Space, Fantasia, Inganamort Oppose Bills Allowing Distribution of Obscene Materials to Children

– Senate Bill 2421, Assembly Bill 3446 Strip Local Control from School Boards –

 

Senator Parker Space, Assemblywoman Dawn Fantasia, and Assemblyman Michael Inganamort (all R-Sussex, Morris, Warren) today voiced their strong opposition to Senate Bill 2421 and Assembly Bill 3446.

 

The new legislation gives an “affirmative defense to a prosecution” for distributing obscene material to minors if the person distributing the obscene material is a teacher, teaching staff member, school librarian, or staff member of a public library performing their job duties.

 

“This bill is nothing more than big government mandating an ideological agenda into our schools,” said Space, who is both a parent and grandparent, served for over 10 years in the Assembly before his election to the Senate last year. “We should respect parents and local school officials enough for them to decide what is appropriate when deciding what educational materials should be available to students. Period.”

 

The bill includes eight new mandates that strip School Boards of their decision-making power in favor of the State government.

 

“First and foremost, this legislation is an affront to parents and taxpayers by usurping more control away from local education and giving it to faceless bureaucrats in Trenton,” said Fantasia, a professional educator and mother of three adult children. “Provisions in the bill silence the public into submission and handcuff local school boards by the special legal protection afforded certain educators and librarians if they decide to keep obscene material on bookshelves.”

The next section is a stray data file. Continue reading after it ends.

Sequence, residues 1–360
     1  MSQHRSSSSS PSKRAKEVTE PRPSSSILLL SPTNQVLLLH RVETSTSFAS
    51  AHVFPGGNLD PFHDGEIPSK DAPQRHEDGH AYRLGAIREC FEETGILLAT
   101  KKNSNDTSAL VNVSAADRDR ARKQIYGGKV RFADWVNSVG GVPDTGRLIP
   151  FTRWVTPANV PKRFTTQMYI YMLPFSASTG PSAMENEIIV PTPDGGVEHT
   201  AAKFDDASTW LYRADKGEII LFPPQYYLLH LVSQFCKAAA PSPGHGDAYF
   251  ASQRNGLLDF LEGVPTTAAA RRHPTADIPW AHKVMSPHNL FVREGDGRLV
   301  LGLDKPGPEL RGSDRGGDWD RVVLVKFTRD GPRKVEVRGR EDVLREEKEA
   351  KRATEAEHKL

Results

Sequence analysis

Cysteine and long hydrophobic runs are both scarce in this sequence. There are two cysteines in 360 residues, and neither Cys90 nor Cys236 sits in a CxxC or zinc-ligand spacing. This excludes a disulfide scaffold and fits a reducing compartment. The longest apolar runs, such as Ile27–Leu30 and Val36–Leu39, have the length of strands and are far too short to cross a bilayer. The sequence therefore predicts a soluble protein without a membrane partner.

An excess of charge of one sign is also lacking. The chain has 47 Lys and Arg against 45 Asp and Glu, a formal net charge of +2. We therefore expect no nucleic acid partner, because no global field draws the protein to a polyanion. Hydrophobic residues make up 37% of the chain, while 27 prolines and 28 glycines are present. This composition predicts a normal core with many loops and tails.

Since the shutdowns of our public schools due to the pandemic, concerned parents have been advocating for more transparency and more oversight in what educational materials are being disseminated to their children.  This has sparked statewide outrage at the severe inappropriateness of some of the curriculum and material being used in our schools and libraries.

 

“There is no place for obscene, sexually-explicit material in classrooms, no matter who is distributing it,” said Inganamort, a father of three. “Let’s also remember that most teachers and librarians don’t want to be put in this position in the first place. We’ll strongly oppose this legislation to protect our kids, first and foremost, and to defend the integrity of the teaching profession, too.”

 

S2421 and A3446 have been referred to the respective Education Committees in the Senate and General Assembly. Although no further legislative action has been taken to date, the legislators expressed their vigilance in keeping on top of this issue to fight for the interests of parents and their community.

 

Leave a Reply

Your email address will not be published.